The Magical Forest

2012, Nature  -   23 Comments
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8.78
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Ratings: 8.78/10from 237 users.
Storyline

The ecosystem is a beautifully complex collection of life forms working in harmony. The intricacies of these connections are explored in The Magical Forest, a riveting episode from the BBC's nature series Secrets of our Living Planet.

The filmmakers embed themselves in one of the most glorious natural environments in the world: the sprawling seasonal forests of North America. Here, plant and animal life share a stunning give-and-take relationship. The most profound examples of this can be found during the autumn as the cold moves in, insect life burrows deep into the ground, and the trees begin to shed their leaves.

Nature depends on a series of surprising relationships in order to thrive during even the harshest of conditions. The film provides a remarkable glimpse into these relationships by showing how they set the stage for the oncoming brutality of winter temperatures, and lay the groundwork for a rebirth in the spring and summer.

The process begins with a population of flying squirrels and the truffles they gnaw upon as winter approaches. Upon being eaten, these truffles release nutrient-rich spores into the soil and allow thousand-year-old trees to grow as the seasons change. The film then turns to the forest's flowing waters, and the tens of millions of salmon who spawn there. These salmon serve as the main food supply for bears and cubs, and provide them with reserves of sustenance during their period of hibernation. As the carcasses of these salmon decompose, they also offer a feast of nutrients for starving soil.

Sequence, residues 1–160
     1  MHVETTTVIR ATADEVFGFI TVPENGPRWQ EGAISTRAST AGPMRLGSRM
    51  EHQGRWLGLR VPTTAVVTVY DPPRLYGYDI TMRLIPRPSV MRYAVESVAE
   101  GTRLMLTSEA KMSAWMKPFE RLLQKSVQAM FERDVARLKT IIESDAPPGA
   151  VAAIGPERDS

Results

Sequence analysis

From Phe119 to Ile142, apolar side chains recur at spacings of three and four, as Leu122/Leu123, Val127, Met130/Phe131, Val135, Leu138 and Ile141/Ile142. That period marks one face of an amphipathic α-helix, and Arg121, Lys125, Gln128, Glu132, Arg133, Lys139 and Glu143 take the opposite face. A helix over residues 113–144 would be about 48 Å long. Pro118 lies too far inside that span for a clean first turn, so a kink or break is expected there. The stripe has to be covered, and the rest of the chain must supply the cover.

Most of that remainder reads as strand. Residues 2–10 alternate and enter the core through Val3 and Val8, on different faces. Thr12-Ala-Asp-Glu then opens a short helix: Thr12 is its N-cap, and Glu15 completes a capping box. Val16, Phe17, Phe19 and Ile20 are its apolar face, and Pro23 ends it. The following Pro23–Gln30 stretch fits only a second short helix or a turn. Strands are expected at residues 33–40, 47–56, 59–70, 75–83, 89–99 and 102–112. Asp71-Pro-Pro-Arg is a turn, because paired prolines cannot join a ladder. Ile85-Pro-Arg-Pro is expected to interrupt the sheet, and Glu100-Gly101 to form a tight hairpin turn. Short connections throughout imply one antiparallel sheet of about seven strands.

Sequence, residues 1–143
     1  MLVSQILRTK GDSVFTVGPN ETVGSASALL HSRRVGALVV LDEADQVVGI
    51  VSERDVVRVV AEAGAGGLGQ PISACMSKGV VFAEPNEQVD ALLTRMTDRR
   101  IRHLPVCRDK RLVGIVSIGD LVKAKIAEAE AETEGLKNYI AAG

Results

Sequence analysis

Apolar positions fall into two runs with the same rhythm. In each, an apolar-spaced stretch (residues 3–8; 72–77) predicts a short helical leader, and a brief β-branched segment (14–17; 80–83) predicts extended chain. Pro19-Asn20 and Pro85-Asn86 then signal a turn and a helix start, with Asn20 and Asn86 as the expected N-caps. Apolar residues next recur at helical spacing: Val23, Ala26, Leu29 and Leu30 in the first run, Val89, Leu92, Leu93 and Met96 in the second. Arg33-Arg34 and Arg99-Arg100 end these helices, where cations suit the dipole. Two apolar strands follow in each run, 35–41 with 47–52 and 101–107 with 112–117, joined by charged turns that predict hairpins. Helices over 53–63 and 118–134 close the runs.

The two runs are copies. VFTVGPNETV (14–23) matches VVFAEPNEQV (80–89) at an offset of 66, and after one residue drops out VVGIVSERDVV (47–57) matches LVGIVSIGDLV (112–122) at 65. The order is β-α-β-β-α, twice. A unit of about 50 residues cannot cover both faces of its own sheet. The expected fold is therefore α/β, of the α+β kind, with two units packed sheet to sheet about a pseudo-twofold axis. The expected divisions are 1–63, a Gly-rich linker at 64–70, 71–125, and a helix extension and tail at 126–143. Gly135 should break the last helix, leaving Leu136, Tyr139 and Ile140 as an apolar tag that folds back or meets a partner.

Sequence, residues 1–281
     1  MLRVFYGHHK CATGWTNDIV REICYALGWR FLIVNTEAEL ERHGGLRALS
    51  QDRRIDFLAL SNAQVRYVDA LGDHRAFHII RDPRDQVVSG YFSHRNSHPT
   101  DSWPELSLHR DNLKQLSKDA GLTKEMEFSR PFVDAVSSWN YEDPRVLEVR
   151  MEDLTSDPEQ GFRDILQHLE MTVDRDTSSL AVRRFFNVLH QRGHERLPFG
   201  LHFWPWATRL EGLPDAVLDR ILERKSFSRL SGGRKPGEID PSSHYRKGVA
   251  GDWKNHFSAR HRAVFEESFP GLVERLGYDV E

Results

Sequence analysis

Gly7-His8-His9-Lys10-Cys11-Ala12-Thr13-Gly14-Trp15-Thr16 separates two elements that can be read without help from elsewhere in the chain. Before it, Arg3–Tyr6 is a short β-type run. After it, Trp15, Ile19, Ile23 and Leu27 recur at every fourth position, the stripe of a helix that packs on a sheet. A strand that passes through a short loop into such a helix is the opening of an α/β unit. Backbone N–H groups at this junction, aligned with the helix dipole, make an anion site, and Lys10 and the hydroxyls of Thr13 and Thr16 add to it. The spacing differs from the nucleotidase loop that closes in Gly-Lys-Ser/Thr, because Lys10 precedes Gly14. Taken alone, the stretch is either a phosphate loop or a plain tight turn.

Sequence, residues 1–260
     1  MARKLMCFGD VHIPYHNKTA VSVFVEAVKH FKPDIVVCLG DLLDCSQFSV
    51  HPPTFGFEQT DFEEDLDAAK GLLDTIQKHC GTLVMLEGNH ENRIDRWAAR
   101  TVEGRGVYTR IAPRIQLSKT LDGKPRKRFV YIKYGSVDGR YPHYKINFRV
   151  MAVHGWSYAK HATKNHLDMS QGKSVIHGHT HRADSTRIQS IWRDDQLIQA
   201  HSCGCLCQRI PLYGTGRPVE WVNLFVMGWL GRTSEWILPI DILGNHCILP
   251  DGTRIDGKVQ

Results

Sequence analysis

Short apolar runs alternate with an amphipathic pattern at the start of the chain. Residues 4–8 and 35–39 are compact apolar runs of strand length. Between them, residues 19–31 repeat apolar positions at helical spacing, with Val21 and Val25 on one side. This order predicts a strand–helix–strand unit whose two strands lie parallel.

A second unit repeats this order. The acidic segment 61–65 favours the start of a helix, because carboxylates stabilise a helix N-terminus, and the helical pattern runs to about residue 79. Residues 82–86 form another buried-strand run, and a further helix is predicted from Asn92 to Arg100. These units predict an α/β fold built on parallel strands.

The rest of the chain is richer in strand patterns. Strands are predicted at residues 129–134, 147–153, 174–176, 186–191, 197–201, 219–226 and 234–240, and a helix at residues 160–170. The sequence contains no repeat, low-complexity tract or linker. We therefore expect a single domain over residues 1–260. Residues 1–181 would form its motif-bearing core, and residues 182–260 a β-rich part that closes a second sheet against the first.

The symbiosis continues as the winter season clutches its icy grip upon the region. This is the period of time when hundreds of Canadian lynx emerge in search of well-camouflaged snowshoe rabbits. As the season winds down, the fates of both predator and prey are largely dependent upon the actions of tiny bug worms who exist on burgeoning tree leaves.

The images that occupy The Magical Forest are awe-inspiring not only for their dazzling beauty, but for the unexpected connections they capture. Nature lovers in particular will relish this rare and informative look inside the inner workings of a living forest.

Directed by: Gavin Maxwell

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23 Comments / User Reviews

  1. David

    Sense of humor: "Flying Squiwwels, fowest floow"! Anyway, the doc is excellent. I don't see evolution in this (thankfully they didn't drive that point), but I do see the hand of God the designer. To me, the intricacy of interactions in the ecosystem, just like the "fearful" complexity of our physical bodies, is increasingly showing us design.

  2. Golfinho

    Flying Squiwwels, it doesn’t come any better than that!

  3. Irene

    I was so mindblown by it, I didn't notice the music, his accent, his shoes etc.. what ever else you people are whining about

  4. Bubba

    A thoroughly entertaining story about the wonders of nature. Absolutely beautiful photography accompanied by an interesting and educational narration. If you appreciate learning about natural phenomena, you will enjoy this film.

  5. Sohan